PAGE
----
Mechanical Work Output in SSCs vs. Active Shortening (Shortening Phase)
We examined the increase in mechanical work in SSCs compared with active shortening conditions.
The results of this study reveal greater work performed during shortening with preceding stretch (SSC) compared with shortening without preceding stretch (Figure 4A). Several factors may explain this increased work production, as they are: (a) increased elastic energy in the attached XBs, (b) contribution of active XB-forces, and (c) engagement of the giant filamentous structure titin.
When an activated muscle fiber is stretched, the attached XBs are also stretched and generate greater force (Huxley, 1957). It is assumed that elastic energy stored in elongated XBs, the myofilaments (Huxley et al., 1994; Wakabayashi et al., 1994) and crosslinking structures as the Z-disk (Luther, 2009; Burgoyne et al., 2015) may contribute to increased force and work during the stretch (Tomalka et al., 2017). As previously shown, peak forces at the end of an active stretch are higher for fast stretching velocities compared with slow stretching velocities (Edman et al., 1978; Sugi and Tsuchiya, 1988; Lombardi and Piazzesi, 1990). Consequently, the higher the stretching velocity, the higher the magnitude of elastic energy stored in XBs (Fukutani et al., 2017). Although fast stretching rates of 85% vmax (as carried out in this study) lead to, at least partial, detachment of bound XBs (‘slippage,’ cf. section “Influence of Contraction Velocity on XB-Dynamics During Stretch (Transient Phase)”), the reattachment of detached XBs is also very rapid (Lombardi and Piazzesi, 1990). Consequently, it can be speculated that elastic energy stored in XBs (due to the alteration of the XB-cycle) during stretching might contribute to the SSC-effect — albeit to a small fraction.
However, work in the shortening phase of the SSC condition was about twice as high than in the active shortening condition (Figures 4A, 5A). Consequently, factors other than altered XB-dynamics must have contributed to enhanced work output in SSCs.
Titin is known to be a significant contributor to the enhanced/depressed force response [(r)FE/(r)FD] during active stretch/shortening contractions (Rode et al., 2009; Leonard and Herzog, 2010; Joumaa et al., 2017; Dutta et al., 2018). Active muscle lengthening leads to increased steady-state isometric forces after stretch (rFE) (Figure 2). rFE is long-lasting and highly correlated with the force at the end of active muscle stretching (Noble, 1992; Bullimore et al., 2007). The findings of our study suggest that rFE generated during the active lengthening phase of SSCs persisted during the subsequent shortening phase, thereby contributing to the increased force output and work production (Seiberl et al., 2015b). Thus, we suggest that SSC-effects are likely related to rFE, which is in accordance to previous findings (Seiberl et al., 2015b; Fukutani et al., 2017; Fortuna et al., 2018; Hahn and Riedel, 2018; Fukutani and Herzog, 2019).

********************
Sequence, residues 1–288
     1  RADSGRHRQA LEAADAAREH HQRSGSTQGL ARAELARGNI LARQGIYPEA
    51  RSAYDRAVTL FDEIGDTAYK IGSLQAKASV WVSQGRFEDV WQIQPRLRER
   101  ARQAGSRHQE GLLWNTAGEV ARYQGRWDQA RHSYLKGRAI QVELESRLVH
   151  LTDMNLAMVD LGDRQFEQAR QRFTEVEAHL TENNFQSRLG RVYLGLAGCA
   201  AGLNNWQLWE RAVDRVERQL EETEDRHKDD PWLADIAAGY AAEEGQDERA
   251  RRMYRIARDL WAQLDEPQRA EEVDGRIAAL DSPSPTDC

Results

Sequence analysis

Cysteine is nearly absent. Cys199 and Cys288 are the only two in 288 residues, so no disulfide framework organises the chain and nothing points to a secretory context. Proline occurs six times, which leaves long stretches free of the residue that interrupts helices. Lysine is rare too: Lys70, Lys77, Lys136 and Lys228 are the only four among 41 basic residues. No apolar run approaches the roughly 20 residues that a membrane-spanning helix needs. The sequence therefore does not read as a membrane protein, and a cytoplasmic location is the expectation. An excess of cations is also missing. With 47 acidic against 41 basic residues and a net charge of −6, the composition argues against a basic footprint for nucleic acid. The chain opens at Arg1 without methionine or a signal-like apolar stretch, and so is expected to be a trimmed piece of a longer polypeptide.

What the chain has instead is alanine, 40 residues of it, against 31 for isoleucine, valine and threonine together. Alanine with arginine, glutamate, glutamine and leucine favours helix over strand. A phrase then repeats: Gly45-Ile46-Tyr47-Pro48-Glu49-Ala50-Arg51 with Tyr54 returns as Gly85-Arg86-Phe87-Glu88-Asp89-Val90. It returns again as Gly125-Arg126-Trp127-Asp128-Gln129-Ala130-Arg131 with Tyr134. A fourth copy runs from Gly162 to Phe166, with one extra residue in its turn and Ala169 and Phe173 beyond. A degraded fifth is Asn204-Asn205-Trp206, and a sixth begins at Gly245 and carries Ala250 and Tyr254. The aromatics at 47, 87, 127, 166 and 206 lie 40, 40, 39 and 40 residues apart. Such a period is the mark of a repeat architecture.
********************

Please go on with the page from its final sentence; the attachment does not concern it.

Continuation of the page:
Chemical XB-Inhibition by Blebbistatin
Isometric Forces Following Ramp Perturbations
The explanations for the SSC-effect given above are supported by the investigations of XB-contributions and non-XB-contributions to total muscle force (Blebbistatin condition) under different contraction conditions (SSC, shortening, stretch). The isometric steady-state force after stretch conditions was 2.4% higher, and the isometric steady-state force following shortening was not statistically different, relative to the corresponding isometric reference force at the same fiber length (Table 2). A similar increase in force (rFE) was observed in previous studies (using either Blebbistatin or BDM) on rabbit psoas muscle fibers (Cornachione and Rassier, 2012), mice soleus muscle fibers (Labeit et al., 2003) and frog tibialis anterior muscle (Bagni et al., 2002). A similar reduction, or even absence, of depressed forces (rFD) after shortening (during XB-inhibition) was observed in skinned psoas fibers from rabbits in the presence of BDM (Joumaa et al., 2012).